Fundraising, deployment and divestment rarely goes precisely according to plan. Having an additional source of finance at a time of need can provide benefits for managers and investors alike.
Defined and meticulously planned portfolio company growth strategies are an integral aspect of a PE firm’s ability to create value. But, despite best efforts to influence and predict how a particular company will grow and crucially, how the market it operates within will have developed – well, no one has a crystal ball. An increasingly common predicament for managers is finding game-changing bolt-on or growth opportunities for portfolio companies as their fund reaches the end of its life, whereby dry powder or financing options to enable them to act are limited or unavailable. Alongside this, increasingly, funds are losing out on potential gains because they are being forced to sell companies to meet timing obligations of the ten-year structure.
For managers seeking additional capital to take advantage of portfolio company growth opportunities as the fund nears the end of its life, the options are few. “Thinking logically, when you get to the end of fund and more capital is required the avenues open are limited,” explains Jeremy Hand, Managing Partner of Horizon Capital. “It’s traditionally co-investment, which requires management and can be dilutive, or expensive debt sometimes with strings attached.”
Of course, as the private equity market matures, solutions addressing capital inefficiencies are emerging. The most obvious being today’s booming secondaries market, driven by LPs seeking greater optionality and liquidity over their private equity exposure.
While the rapid growth of this market has increased the industry’s attractiveness from an investor perspective, secondaries fail to consider the needs of underlying assets.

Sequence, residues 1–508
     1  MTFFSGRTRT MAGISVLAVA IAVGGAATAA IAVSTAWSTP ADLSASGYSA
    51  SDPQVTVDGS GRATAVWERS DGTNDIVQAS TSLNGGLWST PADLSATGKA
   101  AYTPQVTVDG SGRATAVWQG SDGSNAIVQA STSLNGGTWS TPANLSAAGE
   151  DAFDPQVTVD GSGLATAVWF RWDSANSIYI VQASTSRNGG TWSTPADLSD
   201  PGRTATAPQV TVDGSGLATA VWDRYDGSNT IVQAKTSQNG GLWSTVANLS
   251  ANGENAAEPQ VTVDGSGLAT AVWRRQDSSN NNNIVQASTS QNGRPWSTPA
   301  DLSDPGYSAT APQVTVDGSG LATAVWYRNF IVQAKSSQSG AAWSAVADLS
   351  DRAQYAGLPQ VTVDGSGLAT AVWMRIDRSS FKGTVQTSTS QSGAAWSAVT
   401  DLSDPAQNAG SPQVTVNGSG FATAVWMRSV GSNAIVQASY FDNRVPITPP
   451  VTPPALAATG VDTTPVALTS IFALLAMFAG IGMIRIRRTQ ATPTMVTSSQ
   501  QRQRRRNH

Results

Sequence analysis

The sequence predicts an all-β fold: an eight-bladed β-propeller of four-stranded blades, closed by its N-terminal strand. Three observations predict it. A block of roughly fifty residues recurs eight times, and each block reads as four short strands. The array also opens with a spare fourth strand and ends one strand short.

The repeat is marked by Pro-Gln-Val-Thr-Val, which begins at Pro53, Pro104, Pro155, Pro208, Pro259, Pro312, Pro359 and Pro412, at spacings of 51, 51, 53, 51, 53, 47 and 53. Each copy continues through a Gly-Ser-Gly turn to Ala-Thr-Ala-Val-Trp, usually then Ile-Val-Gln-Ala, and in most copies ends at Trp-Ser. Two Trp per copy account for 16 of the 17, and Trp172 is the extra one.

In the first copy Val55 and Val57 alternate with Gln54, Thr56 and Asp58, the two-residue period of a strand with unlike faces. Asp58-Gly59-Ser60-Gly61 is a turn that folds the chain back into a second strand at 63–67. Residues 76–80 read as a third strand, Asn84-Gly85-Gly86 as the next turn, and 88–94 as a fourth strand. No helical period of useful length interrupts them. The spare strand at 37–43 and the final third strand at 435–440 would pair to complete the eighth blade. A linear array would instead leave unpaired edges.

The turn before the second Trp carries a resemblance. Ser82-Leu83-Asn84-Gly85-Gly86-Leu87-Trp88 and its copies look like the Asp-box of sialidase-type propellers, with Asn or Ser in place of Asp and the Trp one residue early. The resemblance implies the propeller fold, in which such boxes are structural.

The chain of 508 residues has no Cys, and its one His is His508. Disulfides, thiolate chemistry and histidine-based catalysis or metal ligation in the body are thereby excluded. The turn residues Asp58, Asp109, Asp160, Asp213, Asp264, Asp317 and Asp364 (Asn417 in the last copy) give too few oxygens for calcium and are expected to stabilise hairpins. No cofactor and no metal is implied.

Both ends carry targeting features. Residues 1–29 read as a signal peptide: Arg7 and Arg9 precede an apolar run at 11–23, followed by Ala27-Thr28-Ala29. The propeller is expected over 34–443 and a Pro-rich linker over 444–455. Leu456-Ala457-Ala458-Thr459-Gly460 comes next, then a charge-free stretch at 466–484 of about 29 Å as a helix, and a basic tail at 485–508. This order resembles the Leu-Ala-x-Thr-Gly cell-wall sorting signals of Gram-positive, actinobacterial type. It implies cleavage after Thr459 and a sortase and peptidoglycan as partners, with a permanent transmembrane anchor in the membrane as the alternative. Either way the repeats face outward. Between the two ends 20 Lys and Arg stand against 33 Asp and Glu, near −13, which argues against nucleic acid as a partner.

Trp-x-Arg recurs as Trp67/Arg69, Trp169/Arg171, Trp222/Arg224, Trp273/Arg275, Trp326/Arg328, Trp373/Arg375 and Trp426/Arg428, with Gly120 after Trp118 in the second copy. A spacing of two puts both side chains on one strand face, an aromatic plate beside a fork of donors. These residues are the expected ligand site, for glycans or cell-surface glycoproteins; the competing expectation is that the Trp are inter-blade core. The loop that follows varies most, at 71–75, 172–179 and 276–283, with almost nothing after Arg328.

A less well-known but seemingly neat solution is to secure finance against the underlying assets, which takes into account the individual portfolio company needs – allowing managers to better support their portfolios.
“It is a far more esoteric arrangement, suited to funds where the investor base may be unwilling or unable to support further, and very often are prevented from long term borrowing by the LPA, you can look to the underlying assets instead,” explains one senior PE practitioner. “Putting a layer between the fund and portfolio, enabling capital to be drawn down and allocated as needed is a neat solution.”
The most obvious benefit to this form of capital is the economics. It is far more cost-effective to borrow against a pool of diversified assets than on an individual company level. Furthermore, it is may be easier to source in certain instances. “Getting debt at the portfolio company level can take months, especially at the point of acquisition, and the terms might not be great given that banks prefer to see a level of track record. Even then, the debt may still be expensive and structurally limiting, potentially putting the firm’s equity investment at risk,” notes Jesse Hurley, Head of Silicon Valley Bank’s Global Fund Banking Practice.